The requirements in the letter are not new, as it goes on to state, “This guidance does not add requirements to applicable law, but provides information and examples to inform recipients about how the Department evaluates whether covered entities are complying with their legal obligations.” Topics covered in the letter are comprised of federal funding Recipients’ obligations to prevent and remedy sex discrimination in CTE programs, including:
In addition, a set of examples is included around recruitment and promotional activities, admissions, access to classes and schools, counseling, pregnant or parenting students, and sex-based harassment. Additional technical assistance resources and information on promising practices is expected to be released soon.
If you have any questions or concerns about how this guidance might affect your programs, please let us know!
Posted by Alisha Hyslop on 06/24/2016 at 04:57 PM in Executive Branch, Perkins | Permalink
Honesty is rated the most important of nonacademic skills by supervisors and employees in the ACT National Curriculum Survey 2016.
Other important nonacademic skills rated highly include sustaining effort, cooperating and maintaining composure. In addition, lacking conscientiousness and lacking problem-solving ability can have particularly negative impacts on employees, across both nonacademic and academic skills.
The survey also delved into technology skills. Supervisors responded that they want employees with:
Posted by Catherine Imperatore on 06/24/2016 at 02:05 PM in Data and Research | Permalink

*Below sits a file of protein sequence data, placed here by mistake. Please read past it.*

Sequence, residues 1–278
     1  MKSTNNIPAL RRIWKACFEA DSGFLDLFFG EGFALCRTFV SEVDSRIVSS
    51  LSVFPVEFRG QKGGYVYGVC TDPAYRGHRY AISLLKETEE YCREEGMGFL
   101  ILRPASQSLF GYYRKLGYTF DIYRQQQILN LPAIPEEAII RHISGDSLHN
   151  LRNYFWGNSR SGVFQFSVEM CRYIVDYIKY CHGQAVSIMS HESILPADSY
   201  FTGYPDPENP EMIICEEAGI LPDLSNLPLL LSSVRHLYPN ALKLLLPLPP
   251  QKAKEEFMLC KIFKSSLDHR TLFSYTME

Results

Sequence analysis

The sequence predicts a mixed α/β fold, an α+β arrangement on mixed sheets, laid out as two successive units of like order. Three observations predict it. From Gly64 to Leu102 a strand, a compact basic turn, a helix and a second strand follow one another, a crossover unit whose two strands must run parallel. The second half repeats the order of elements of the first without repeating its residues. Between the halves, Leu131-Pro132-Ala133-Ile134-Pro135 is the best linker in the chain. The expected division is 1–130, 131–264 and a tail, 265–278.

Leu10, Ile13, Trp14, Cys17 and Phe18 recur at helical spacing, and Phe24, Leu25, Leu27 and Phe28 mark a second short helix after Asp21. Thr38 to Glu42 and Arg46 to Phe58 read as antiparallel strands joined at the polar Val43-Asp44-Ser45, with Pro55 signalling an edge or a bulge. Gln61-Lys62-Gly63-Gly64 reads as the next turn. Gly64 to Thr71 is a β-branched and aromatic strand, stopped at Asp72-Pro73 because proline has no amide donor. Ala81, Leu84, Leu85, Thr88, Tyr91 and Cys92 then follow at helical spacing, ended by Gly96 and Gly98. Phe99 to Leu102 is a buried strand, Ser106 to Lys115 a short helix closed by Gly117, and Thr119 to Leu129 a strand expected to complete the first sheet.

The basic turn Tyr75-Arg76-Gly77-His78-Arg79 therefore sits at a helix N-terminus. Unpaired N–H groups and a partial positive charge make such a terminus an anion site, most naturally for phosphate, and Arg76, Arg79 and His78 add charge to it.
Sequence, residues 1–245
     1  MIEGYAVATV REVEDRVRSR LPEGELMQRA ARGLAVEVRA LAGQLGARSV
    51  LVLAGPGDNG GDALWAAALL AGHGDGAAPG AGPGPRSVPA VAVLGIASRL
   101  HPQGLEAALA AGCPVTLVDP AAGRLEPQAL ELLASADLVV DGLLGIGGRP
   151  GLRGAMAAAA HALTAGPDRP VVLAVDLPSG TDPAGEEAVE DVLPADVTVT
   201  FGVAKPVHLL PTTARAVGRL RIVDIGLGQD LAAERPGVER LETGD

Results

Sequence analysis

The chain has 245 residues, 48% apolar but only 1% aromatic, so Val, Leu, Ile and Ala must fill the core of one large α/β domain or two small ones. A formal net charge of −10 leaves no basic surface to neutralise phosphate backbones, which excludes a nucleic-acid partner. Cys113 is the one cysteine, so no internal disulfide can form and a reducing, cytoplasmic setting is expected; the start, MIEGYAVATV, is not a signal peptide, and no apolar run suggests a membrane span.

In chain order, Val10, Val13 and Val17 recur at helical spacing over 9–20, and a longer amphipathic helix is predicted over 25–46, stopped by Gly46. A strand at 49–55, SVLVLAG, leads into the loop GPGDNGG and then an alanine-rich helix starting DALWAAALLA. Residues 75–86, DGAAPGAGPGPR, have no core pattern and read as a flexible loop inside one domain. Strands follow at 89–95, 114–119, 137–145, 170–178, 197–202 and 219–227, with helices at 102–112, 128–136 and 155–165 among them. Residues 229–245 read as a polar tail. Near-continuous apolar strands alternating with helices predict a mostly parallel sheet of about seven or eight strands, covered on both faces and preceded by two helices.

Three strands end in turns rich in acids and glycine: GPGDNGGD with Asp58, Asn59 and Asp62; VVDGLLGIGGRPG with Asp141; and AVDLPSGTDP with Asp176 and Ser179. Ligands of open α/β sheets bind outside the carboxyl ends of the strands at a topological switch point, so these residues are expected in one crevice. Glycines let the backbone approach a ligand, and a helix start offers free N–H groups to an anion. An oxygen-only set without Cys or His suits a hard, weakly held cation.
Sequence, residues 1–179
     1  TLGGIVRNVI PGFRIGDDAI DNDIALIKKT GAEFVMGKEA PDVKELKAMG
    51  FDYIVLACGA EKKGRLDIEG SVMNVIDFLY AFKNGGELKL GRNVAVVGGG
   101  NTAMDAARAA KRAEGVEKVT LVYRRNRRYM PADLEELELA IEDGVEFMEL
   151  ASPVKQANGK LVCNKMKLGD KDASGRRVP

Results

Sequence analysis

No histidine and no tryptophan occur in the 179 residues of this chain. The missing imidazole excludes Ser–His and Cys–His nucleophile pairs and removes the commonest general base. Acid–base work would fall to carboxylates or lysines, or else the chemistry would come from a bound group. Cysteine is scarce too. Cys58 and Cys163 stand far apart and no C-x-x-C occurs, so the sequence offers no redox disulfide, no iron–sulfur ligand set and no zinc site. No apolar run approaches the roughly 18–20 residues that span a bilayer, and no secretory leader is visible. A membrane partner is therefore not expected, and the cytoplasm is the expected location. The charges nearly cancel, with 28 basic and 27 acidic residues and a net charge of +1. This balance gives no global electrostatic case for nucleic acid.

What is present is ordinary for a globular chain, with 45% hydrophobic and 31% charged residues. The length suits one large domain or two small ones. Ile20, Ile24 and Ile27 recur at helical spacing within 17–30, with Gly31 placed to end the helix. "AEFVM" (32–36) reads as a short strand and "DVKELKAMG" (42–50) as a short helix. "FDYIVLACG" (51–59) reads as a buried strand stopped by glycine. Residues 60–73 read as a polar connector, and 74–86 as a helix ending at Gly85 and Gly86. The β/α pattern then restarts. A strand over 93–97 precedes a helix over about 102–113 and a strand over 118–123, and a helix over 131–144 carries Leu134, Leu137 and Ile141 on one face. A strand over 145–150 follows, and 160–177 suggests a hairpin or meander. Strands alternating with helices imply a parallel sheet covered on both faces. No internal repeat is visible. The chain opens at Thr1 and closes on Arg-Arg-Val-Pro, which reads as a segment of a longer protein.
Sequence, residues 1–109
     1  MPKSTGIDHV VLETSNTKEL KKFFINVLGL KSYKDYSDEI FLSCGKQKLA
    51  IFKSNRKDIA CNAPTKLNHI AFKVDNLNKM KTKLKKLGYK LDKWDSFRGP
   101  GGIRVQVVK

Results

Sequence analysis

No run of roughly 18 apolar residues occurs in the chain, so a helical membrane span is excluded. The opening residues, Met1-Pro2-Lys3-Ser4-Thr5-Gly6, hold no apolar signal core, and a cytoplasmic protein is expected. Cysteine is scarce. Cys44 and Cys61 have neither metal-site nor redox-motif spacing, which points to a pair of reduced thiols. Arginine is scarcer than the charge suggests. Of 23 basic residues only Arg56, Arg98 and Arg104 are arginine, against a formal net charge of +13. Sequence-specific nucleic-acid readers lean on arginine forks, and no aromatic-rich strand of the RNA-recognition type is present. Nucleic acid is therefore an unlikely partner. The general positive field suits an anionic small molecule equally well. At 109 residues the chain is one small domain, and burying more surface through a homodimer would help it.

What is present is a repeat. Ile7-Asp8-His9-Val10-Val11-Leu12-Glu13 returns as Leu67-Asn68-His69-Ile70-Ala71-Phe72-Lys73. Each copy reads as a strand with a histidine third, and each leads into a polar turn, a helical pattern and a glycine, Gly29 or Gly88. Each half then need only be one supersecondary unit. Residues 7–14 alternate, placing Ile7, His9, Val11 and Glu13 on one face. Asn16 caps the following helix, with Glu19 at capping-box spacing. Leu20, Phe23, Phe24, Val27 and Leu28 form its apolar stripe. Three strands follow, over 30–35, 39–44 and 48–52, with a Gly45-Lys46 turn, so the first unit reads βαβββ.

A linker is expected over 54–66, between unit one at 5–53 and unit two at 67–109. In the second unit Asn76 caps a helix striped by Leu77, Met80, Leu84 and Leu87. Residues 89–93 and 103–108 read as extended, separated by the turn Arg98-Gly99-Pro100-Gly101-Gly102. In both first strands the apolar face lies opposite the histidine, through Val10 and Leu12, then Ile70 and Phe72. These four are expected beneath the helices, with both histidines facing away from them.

ACTE and its partners in the Workforce Data Quality Campaign (WDQC) recently made recommendations to the Commission on Evidence-based Policymaking about workforce and postsecondary data issues.
The commission was mandated by the Evidence-Based Policymaking Commission Act of 2016, which was passed with bipartisan support in March, to make recommendations on the use, integration and funding of federal data. The WDQC put forward the following topics to the Commission for its review:
By next fall, the Commission is expected to submit findings and recommendations to the President and Congress.
Posted by Catherine Imperatore on 06/22/2016 at 11:12 AM in Data and Research, Postsecondary Issues | Permalink
Advance CTE (formerly the National Association of State Directors of CTE) has launched a new online resource center with publications and tools on CTE and career readiness.
The resource center houses a variety of resources —research reports, case studies, state policies, guides and tools—organized around key topics such as Access and Equity, Work-based Learning, Credentials and Assessments, Employer Engagement, Instructor and Leader Quality, and Graduation Requirements.
This project came out of the New Skills for Youth initiative, a partnership between Advance CTE, the Council of Chief State School Officers and the Education Strategy Group, funded by JPMorgan Chase & Co.
Posted by Catherine Imperatore on 06/21/2016 at 03:36 PM in Career Readiness, Data and Research | Permalink